Norman Lear Says ‘I Wish I Could Understand’ Why Netflix Canceled ‘One Day at a Time’

Norman Lear said Thursday that “I wish I could understand Netflix’s decision” to cancel the reboot of his 1970s-era sitcom, “One Day at a Time.”

“At my age, I can testify that you are never too old to have your heart broken. I’m also convinced love and laugher add time to one’s life,” Lear said in a statement he posted on his Twitter account. “I can’t thank Netflix and our partners at Sony enough for the three seasons, but I wish I could understand Netflix’s decision to not pick us up for a fourth. Is there really so little room in business for love and laughter?”

Thank you for the outpouring of love. #saveodaat

To the beloved cast, crew, and fans of @OneDayAtATime: pic.twitter.com/qboxcQPMq1

— Norman Lear (@TheNormanLear) March 14, 2019

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Netflix canceled the series after 3 seasons on Thursday. “The choice did not come easily — we spent several weeks trying to find a way to make another season work but in the end simply not enough people watched to justify another season,” the streamer said in a statement.

Despite critical acclaim and a dedicated fanbase, the show was on the bubble all three seasons; Fans launched a renewal campaign on social media earlier this month after co-creator and co-showrunner Gloria Calderon Kellett urged them to stream the show and express their desire for a fourth season.

Sony Pictures Television plans to shop the show to other outlets and networks in the coming weeks, according to an individual familiar with the situation.

A Cuban-American-centric reboot of the 1970s sitcom that ran for nine seasons on CBS, “One Day at a Time” centers on a recently separated, former military mom (Justina Machado) navigating a new single life while raising her radical teenage daughter and socially adept tween son, with the “help” of her old-school Cuban-born mom (Rita Moreno) and a friends-without-benefits building manager named Schneider (Todd Grinnell).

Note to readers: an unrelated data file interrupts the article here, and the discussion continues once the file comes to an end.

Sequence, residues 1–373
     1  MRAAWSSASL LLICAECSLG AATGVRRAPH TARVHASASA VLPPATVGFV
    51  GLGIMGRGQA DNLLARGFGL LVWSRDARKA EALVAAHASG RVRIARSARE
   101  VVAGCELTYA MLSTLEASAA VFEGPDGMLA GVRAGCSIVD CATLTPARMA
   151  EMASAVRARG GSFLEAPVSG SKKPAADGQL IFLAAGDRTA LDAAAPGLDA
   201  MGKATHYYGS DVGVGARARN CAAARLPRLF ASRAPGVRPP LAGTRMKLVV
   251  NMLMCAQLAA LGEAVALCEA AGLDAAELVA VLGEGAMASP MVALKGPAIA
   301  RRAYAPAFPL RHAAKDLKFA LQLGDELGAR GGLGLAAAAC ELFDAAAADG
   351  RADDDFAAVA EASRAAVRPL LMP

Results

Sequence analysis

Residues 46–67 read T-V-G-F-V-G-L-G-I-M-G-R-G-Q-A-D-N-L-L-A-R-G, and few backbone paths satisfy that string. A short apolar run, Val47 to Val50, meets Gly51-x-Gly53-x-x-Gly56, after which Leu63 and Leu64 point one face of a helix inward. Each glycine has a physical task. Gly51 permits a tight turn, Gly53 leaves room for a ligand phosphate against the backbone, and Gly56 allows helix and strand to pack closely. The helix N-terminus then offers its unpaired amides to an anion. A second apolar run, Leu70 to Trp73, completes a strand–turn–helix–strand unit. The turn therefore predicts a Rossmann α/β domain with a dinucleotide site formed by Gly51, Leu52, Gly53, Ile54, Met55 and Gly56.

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After three seasons on Netflix, One Day At A Time, the Latinx reimagining of the iconic Norman Lear sitcom, has come to an end. Co-creators Gloria Calderon Kellett and Mike Royce, stars Jessica Machado, Isabella Gomez, Stephen Tobolowsky and writer Dan…

‘One Day at a Time’ Canceled by Netflix After 3 Seasons, Sony to Shop Series Elsewhere

Netflix has canceled its “One Day at a Time” reboot after three seasons, the streamer announced on Wednesday.

Despite critical acclaim and a dedicated fanbase, the show had been on the bubble for renewal, becoming the subject of a campaign for renewal on social media in recent months. Co-creator and co-showrunner Gloria Calderon Kellett called on fans last month to stream the show and express their desire for a fourth season.

However, Netflix said Wednesday that the Norman Lear sitcom’s viewership numbers did not justify a fourth season. “The choice did not come easily — we spent several weeks trying to find a way to make another season work but in the end simply not enough people watched to justify another season,” the streamer said in a statement.